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In Rembrandt Harmenszoon van Rijn's (1606–1669) The Anatomy Lesson of Dr. Tulp, dated 1632, we can follow a dissolving line. The centre of the work is occupied by Dr. Tulp, his disciples and the corpse of Adrian Klint. Beginning at the cadaver’s right ear the line runs below its eye, over the bridge of its nose, forming a wave-like shadow. We realize that the shadow’s origin is the right shoulder of Jacob Janz de Witt.

The shadow is delimited by a clearly defined line against the cadaver’s chalk-white skin. In the background architectonical elements loom, clustered columns and gothic-styled striving arches, that lead one’s thoughts towards the space of a church. Anatomical spectacles of this kind were often given in chapels in which wooden structures reminiscent of an amphitheatre were housed.

It is as if the emerging “modern” science celebrates its triumph, or with the words of Dr. Tulp, “distil[s] truth from shadow” in the house of God. The ascending spirit of the clustered columns is conjoined with the descent towards the flesh of the world manifested by the corpse of Klint.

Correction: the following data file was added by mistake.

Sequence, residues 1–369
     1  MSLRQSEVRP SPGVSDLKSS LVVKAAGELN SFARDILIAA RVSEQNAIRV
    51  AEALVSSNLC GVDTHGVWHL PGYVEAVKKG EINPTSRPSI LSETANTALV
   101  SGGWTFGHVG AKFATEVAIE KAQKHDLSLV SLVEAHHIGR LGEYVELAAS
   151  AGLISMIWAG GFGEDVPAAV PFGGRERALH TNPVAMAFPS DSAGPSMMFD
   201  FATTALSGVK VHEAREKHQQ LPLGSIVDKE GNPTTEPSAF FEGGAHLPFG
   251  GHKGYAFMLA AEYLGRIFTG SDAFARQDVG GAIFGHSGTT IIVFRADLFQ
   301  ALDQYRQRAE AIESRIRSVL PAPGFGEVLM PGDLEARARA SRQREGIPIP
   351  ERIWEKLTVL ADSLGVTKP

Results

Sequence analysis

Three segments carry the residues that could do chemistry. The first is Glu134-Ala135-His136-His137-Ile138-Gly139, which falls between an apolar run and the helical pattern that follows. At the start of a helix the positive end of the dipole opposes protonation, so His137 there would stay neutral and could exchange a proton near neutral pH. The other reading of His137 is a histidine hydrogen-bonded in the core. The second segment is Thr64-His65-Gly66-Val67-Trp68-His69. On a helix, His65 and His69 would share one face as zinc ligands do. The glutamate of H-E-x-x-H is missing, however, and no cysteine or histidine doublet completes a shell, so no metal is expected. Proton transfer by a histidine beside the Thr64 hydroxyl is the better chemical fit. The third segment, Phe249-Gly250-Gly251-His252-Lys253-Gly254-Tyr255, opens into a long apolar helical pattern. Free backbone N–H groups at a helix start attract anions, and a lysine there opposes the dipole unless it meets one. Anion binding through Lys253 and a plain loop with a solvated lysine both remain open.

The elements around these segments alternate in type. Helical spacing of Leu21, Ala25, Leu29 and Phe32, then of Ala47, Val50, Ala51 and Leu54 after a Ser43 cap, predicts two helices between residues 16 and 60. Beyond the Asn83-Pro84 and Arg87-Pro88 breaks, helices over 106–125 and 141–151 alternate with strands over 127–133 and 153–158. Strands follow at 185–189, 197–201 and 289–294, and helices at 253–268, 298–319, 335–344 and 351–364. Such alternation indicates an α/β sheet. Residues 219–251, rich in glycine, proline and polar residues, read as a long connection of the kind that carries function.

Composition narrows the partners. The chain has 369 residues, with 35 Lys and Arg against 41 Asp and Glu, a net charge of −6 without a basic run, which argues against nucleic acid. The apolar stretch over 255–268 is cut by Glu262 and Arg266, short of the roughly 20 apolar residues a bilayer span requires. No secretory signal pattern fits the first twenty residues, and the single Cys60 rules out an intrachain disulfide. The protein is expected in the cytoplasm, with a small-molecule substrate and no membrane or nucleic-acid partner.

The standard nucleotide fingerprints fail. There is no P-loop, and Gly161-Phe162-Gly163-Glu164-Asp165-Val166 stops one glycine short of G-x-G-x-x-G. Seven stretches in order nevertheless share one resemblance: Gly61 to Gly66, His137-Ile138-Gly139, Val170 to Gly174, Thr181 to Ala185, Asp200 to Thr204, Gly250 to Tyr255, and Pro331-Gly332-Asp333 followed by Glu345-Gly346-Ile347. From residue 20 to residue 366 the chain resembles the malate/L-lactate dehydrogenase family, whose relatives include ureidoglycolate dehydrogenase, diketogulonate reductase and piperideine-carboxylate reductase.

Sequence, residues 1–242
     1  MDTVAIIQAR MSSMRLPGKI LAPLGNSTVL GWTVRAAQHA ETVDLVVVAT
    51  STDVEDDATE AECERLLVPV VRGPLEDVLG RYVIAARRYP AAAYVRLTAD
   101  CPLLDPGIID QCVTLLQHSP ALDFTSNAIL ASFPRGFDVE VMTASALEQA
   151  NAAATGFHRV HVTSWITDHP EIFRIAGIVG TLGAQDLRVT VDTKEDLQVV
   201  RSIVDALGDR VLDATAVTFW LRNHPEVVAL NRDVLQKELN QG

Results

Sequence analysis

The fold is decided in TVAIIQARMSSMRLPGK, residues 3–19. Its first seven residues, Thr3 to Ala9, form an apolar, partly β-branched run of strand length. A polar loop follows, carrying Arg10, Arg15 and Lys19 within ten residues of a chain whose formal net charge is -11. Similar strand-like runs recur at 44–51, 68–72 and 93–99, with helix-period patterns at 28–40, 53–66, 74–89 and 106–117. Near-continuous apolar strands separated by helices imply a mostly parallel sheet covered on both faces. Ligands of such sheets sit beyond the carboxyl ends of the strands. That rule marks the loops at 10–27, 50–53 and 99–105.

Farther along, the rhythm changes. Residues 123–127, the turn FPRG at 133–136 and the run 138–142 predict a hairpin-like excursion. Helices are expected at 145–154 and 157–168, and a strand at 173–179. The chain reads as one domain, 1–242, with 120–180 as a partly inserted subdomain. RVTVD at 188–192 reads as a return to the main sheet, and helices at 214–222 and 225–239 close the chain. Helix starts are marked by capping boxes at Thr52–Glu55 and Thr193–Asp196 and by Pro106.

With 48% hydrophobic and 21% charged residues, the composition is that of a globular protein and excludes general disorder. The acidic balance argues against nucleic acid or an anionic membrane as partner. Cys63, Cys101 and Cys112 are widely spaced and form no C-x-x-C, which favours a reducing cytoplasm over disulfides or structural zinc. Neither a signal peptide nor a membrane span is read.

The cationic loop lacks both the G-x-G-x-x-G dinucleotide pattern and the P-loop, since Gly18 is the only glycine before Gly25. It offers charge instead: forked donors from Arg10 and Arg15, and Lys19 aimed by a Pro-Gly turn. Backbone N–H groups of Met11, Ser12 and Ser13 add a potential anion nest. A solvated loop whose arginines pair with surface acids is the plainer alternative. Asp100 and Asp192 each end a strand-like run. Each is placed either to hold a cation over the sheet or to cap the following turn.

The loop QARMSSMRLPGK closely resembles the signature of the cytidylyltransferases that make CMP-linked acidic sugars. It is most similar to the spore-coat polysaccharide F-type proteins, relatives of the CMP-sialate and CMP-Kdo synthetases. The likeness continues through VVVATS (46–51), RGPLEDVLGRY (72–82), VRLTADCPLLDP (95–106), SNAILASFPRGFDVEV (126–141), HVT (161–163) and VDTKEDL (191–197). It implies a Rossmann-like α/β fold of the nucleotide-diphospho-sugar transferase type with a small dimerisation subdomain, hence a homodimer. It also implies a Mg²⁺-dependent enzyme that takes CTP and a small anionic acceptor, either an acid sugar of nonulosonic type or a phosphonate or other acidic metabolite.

Excerpt from "Note on Rembrandt" by Staffan Lundgren.


Note on Rembrandt
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Publisher and Editor in Chief

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Tim Anstey, Brian Manning Delaney, Power Ekroth, Jeff Kinkle, Trond Lundemo, Staffan Lundgren, Karl Lydén, Helena Mattsson, Meike Schalk, Susan Schuppli, Kim West.



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